Carbohydrates and Your Health


Despite their bad reputation, carbohydrates are essential to your health for a variety of reasons.

They provide energy


Carbohydrates are the body's main source of fuel. During digestion, sugars and starches are broken down into simple sugars. They then enter the bloodstream, where they are called "blood sugar" (blood glucose).

From there, glucose enters the body's cells with the help of insulin. The body uses glucose to produce energy and drive all activities, whether it's jogging or just breathing. The extra glucose is deposited in the liver, muscles, and other cells for later use or converted to fat.

Protection against disease


According to some evidence, whole grains and dietary fibre from whole foods help reduce the risk of cardiovascular disease. Fiber can also protect against obesity and type 2 diabetes. In addition, fiber is essential for optimal digestive health.

Weight control


Evidence shows that eating plenty of fruits, vegetables, and whole grains can help control weight. Volume and fiber content help control weight by making you feel full with fewer calories. Unlike low-carbohydrate diets, very few studies show that a diet rich in healthy carbohydrates leads to weight gain or obesity.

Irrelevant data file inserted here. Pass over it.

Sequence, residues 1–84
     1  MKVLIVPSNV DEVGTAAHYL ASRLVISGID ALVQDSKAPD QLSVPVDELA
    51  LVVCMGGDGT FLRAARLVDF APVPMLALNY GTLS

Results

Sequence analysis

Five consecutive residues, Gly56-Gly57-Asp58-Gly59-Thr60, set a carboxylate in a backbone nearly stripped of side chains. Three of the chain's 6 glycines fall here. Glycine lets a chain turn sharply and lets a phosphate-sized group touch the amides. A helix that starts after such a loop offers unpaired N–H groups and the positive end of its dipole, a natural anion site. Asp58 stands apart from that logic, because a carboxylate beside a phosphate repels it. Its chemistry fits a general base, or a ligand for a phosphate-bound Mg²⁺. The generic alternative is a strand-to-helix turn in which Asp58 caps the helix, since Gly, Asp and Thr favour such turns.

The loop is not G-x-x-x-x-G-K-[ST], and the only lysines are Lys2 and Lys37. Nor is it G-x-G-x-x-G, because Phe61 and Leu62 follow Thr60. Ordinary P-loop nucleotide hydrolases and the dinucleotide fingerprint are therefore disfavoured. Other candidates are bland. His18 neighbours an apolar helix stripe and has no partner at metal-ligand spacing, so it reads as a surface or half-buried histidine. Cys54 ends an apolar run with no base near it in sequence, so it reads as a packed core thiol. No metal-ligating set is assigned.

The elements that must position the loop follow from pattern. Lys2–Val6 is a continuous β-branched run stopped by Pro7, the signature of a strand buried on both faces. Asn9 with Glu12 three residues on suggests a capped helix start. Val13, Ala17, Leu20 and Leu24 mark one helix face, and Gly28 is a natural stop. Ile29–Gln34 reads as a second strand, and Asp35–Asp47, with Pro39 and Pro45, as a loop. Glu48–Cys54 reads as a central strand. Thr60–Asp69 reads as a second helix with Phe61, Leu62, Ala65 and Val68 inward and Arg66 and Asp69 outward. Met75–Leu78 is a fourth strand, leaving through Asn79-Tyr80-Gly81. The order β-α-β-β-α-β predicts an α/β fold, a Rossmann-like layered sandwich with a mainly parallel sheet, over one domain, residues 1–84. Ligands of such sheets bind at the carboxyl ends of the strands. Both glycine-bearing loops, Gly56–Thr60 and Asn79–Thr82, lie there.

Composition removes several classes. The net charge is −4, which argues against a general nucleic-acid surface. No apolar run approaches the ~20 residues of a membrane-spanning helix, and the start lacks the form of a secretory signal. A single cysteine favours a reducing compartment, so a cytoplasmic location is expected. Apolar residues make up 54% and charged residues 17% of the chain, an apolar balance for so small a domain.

Choose carbohydrates wisely


Carbohydrates are fundamental to a healthy diet and provide many important nutrients. However, not all carbohydrates are made the same way.

Here's how to incorporate healthy carbohydrates into a well-balanced diet:


  • Increase your intake of fruits and vegetables rich in fibre. Look for whole fresh, frozen and canned fruits and vegetables without added sugar. Other options are fruit juices and dried fruits, which are concentrated sources of natural sugar and therefore have more calories. Whole fruits and vegetables also provide fiber, water and volume, which helps you feel more satisfied with fewer calories.
  • Choose whole grains. Whole grains are better sources of fiber and other important nutrients, such as B vitamins, than refined cereals. Refined cereals go through a process that removes certain parts of the grain, as well as some of the nutrients and fiber.
  • Eat low-fat dairy products. Milk, cheese, yogurt and other dairy products are good sources of calcium and protein, as well as many other vitamins and minerals. Consider low-fat versions to limit calories and saturated fat. And beware of dairy products that have added sugar.
  • Eat more legumes. Legumes, such as beans, peas and lentils, are among the most versatile and nutritious foods out there. They are generally low in fat and high in folate, potassium, iron, and magnesium, and contain beneficial fats and fibers. Legumes are a good source of protein and can be a healthy substitute for meat, which has more saturated fat and cholesterol.
  • Limit your intake of added sugar. Added sugar is probably not harmful in small amounts. However, consuming added sugar, in any amount, has no health benefit. The Dietary Guidelines for Americans recommend limiting your intake of added sugar to less than 10 percent of the calories you eat every day.


So choose carbohydrates wisely. Limit foods with added sugar and refined cereals, such as sugary drinks, desserts and sweets, which are high in calories but low in nutrition. Instead, eat fruits, vegetables, and whole grains.


 
Article Source: http://EzineArticles.com/expert/Keye_Wu/2314157